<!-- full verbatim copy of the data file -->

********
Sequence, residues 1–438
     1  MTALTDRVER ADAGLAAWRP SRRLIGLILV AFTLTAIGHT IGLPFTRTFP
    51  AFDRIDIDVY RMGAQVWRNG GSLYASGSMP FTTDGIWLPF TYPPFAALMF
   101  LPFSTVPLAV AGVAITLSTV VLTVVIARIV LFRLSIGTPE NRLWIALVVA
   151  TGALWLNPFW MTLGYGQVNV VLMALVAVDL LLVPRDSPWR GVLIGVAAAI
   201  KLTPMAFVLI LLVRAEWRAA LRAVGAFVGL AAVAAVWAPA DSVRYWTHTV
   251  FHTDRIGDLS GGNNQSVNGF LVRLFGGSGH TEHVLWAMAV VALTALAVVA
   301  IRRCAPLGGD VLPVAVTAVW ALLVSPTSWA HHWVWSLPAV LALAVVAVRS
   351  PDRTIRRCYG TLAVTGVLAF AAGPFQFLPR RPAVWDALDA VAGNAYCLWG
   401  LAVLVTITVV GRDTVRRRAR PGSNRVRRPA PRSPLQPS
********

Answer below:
Sequence, residues 1–438
     1  MTALTDRVER ADAGLAAWRP SRRLIGLILV AFTLTAIGHT IGLPFTRTFP
    51  AFDRIDIDVY RMGAQVWRNG GSLYASGSMP FTTDGIWLPF TYPPFAALMF
   101  LPFSTVPLAV AGVAITLSTV VLTVVIARIV LFRLSIGTPE NRLWIALVVA
   151  TGALWLNPFW MTLGYGQVNV VLMALVAVDL LLVPRDSPWR GVLIGVAAAI
   201  KLTPMAFVLI LLVRAEWRAA LRAVGAFVGL AAVAAVWAPA DSVRYWTHTV
   251  FHTDRIGDLS GGNNQSVNGF LVRLFGGSGH TEHVLWAMAV VALTALAVVA
   301  IRRCAPLGGD VLPVAVTAVW ALLVSPTSWA HHWVWSLPAV LALAVVAVRS
   351  PDRTIRRCYG TLAVTGVLAF AAGPFQFLPR RPAVWDALDA VAGNAYCLWG
   401  LAVLVTITVV GRDTVRRRAR PGSNRVRRPA PRSPLQPS